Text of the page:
- NBR - The National Bureau of Asian Research

Islamic Leaders in Uzbekistan

Eric McGlinchey


This report analyzes the degree to which Uzbekistan’s Islamic elite are loyal to the Uzbek government.

Main Argument

Competing incentive structures determine how Uzbekistan’s Islamic elite respond to the state. Whereas political elites respond to patronage flows from the top, independent Islamic leaders in Uzbekistan are supported by Uzbek society, and it is to society’s demands—and not those of President Islam Karimov or the state—that Uzbekistan’s imams (local religious leaders) respond.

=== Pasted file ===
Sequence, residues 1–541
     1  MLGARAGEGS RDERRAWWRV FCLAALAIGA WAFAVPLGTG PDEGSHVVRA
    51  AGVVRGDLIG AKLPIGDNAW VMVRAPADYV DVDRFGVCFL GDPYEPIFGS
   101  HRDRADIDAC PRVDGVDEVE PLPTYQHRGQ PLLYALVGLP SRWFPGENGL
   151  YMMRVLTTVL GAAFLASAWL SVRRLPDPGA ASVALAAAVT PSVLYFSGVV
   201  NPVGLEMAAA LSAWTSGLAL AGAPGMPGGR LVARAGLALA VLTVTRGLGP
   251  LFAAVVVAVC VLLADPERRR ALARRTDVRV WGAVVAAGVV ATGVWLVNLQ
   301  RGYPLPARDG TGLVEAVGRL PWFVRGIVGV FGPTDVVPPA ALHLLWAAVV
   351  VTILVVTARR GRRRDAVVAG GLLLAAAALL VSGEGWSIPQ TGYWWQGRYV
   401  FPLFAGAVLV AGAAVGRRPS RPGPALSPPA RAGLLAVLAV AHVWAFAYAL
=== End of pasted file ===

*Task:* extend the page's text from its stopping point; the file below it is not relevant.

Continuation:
Policy Implications

The United States should be aware that, despite the current Uzbek government’s attempt to equate independent Islam with militant Islam, both forms of Islam are present in Uzbekistan and both forms pose threats to the Karimov regime’s continued legitimacy and stability:

  • Militant Islamists seek the forcible overthrow of the Karimov government and its replacement with an Islamic caliphate.
  • Independent Islamic leaders, by rejecting government propaganda and providing the general population sanctuary from authoritarian rule in their mosques and communities, are allies for those who seek political reform in Uzbekistan.